"a pleasant climate"

    Wow, compared to where? Yellowknife? Siberia? Maybe it was sunny the day she left her Vancouver hermitage to pick up her award.

  9. If she's talking about spec built houses, I'd say they are pretty much all being built on spec for the Asian market. In Burnaby, any 1950's bung that's sold is demolished and an opulent mansion is built in its place. Trouble is, these opulent mansions are not selling and are sitting listed and vacant. Oops! Also, interest rates are irrelevant now. We are well past the point that low rates make any difference.

  10. Whisperer,

    You spelled David Letterman wrong.

  11. Roslyn Kunin has been a very well known cdn economist for decades. Back in the day when I met her (I was a junior economist working for the BC gov't) she was the fed's main labour economist. I have always respected her, for being a female pioneer in her field, and also for her skills, insights and professionalism.

    Boy, has she ever jumped the shark with this malarkey! I hope she isn't getting feeble minded or something (maybe she is just over-exposed to residential RE investments....? :-o

  12. Pleasant climate.Ha!
    Our climate sucks! It sucks big time.There.I said it.
    What ever happened to summer anyway?I remember back in the 1980's August would actually be hot.Sometimes.

  13. I never heard of her. Not sure if the comparison with David Lereah is fair.... to Lereah.

    Obviously, Can Muir is BC's official version of Lereah. His funky patch drawl will be remembered.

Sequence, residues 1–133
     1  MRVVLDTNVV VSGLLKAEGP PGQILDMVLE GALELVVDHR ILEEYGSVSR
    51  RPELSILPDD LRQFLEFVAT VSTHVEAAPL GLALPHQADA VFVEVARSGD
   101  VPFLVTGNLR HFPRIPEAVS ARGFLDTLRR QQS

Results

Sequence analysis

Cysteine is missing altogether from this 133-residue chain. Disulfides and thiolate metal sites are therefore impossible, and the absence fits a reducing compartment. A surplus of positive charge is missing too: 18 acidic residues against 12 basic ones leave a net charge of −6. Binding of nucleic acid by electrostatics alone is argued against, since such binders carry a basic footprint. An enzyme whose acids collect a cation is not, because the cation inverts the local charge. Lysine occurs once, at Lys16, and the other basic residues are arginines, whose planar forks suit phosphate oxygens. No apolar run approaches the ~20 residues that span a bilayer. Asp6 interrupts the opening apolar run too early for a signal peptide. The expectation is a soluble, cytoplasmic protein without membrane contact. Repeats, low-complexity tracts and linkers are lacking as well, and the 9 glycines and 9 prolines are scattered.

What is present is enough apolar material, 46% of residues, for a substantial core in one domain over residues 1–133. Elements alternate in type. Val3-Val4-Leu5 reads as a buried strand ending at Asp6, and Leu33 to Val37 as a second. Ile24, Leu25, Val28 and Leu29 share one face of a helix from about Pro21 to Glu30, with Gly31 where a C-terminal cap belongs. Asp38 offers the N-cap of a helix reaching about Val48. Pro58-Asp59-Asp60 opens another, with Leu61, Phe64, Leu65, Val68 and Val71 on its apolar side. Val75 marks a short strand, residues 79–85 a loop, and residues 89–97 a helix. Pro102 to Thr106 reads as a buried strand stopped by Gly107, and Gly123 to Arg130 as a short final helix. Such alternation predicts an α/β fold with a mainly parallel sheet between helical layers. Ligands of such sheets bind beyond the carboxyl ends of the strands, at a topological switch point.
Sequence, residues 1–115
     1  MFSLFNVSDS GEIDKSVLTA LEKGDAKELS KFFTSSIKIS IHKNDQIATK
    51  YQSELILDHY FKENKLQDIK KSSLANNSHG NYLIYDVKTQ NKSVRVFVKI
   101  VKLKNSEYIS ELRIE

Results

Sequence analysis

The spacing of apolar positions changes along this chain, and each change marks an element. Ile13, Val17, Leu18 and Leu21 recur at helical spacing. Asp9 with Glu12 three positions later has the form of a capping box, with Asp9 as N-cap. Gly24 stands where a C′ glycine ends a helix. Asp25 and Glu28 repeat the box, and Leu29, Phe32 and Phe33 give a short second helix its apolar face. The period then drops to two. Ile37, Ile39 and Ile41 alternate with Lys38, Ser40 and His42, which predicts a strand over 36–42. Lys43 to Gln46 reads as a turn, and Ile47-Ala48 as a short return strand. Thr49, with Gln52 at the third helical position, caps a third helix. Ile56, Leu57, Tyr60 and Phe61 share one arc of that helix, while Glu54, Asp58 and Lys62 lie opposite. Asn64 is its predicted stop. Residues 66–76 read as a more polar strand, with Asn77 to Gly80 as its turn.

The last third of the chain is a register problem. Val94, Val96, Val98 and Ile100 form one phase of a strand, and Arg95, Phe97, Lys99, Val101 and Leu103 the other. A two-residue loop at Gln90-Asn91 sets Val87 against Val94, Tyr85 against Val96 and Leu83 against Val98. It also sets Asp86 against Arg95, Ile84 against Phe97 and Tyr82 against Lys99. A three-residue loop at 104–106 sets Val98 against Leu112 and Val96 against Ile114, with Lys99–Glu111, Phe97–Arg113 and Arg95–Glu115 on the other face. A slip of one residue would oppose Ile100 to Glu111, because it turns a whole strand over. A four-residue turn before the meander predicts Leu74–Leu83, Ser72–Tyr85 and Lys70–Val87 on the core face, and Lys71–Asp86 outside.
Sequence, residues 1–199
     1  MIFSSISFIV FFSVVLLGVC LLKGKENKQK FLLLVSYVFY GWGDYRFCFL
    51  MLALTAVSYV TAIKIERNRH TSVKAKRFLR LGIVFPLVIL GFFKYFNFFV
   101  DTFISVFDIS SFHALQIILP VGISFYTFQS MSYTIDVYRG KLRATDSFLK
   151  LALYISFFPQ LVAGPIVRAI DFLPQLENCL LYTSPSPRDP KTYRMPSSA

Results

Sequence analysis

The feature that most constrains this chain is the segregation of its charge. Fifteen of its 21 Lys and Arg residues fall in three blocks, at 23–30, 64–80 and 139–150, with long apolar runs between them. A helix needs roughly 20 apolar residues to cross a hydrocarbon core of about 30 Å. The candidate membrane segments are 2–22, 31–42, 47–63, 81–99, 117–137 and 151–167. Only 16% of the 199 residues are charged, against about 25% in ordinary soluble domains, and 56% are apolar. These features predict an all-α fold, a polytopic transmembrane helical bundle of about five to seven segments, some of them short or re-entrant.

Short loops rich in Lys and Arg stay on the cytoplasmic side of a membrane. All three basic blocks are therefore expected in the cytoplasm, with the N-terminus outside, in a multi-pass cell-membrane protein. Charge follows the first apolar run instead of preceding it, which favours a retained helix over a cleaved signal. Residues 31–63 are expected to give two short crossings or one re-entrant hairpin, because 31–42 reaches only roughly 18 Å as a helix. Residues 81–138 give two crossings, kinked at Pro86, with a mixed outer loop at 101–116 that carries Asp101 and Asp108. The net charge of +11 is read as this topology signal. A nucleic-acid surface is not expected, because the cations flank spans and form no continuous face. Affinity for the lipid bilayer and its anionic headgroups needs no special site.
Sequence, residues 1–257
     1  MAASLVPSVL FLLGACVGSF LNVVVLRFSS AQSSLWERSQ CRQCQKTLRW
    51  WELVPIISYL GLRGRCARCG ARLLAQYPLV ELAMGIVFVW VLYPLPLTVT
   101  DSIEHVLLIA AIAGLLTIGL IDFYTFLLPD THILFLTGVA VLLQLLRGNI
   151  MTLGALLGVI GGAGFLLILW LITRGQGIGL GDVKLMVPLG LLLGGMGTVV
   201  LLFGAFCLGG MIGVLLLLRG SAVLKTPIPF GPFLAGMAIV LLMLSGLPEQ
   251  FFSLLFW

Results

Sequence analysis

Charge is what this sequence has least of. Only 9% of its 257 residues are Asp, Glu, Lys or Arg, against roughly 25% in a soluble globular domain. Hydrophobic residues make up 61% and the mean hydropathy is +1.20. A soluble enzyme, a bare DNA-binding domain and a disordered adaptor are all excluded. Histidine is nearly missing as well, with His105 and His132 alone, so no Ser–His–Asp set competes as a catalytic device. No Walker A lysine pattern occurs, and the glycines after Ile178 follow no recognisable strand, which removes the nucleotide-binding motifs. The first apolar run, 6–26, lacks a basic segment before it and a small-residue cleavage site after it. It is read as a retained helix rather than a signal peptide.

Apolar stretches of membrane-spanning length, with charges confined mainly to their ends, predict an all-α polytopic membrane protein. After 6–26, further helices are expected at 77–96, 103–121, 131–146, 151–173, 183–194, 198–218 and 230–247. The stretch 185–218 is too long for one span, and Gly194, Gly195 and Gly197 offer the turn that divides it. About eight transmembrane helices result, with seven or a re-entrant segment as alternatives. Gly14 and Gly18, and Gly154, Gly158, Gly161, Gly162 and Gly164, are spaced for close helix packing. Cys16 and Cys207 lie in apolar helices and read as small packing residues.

The GVREB keep changing their Lereah each year so it's hard to build up the same rep.

  14. Why did yesterday's post disapear?

  15. Whisperer - Where did the post from Tuesday 3/21 go?

  16. Two missing posts... No mention of it... No explanation... Have the black helicopters of the RE cartel visited the Whisperer? Is he currently held incommunicado with bamboo slivers burning under his fingernails?

  17. Controversy!! Whats going on???

  18. Good question.....are lawyers circling since Garth Turner put a link yesterday to this great blog??.....

    The truth will not set anyone free.....just guessing.


  19. First South Korea, now whisperer!!


  20. Yes, what happened to the 2 previous posts that were on here, about the real decline in RE price in Vancouver. I hope the RE cartel isn't censoring Whisper for posting truth...what happened to freedom of speech.

  21. This could be my chance to get published. Looks like anyone, regardless of how camera unfriendly they are, are getting published! A new cottage industry of ordinary average grinning hopium guzzling anyone to get their mug in the paper. Yeeha!

    And yeah, where are the posts? Is it getting a bit legal around here? A bit of a tip off that the wheels are coming loose...

    1. It's an old picture, she's hotter now ;)

      Seriously though, what kind of 'respected' economist writes an entire column based on her opinion and not facts? It really sounds like a realtor wrote it, or worse!

      I don't see any stats in her writing, just what she feels...sounds like she has a condo to flog

  22. You guys are paranoid

    1. No we're not....maybe we are. Are we??

  23. not a feng shui expertMarch 22, 2013 at 12:00 PM

    If you're not paranoid about a real estate bubble here, you should be ...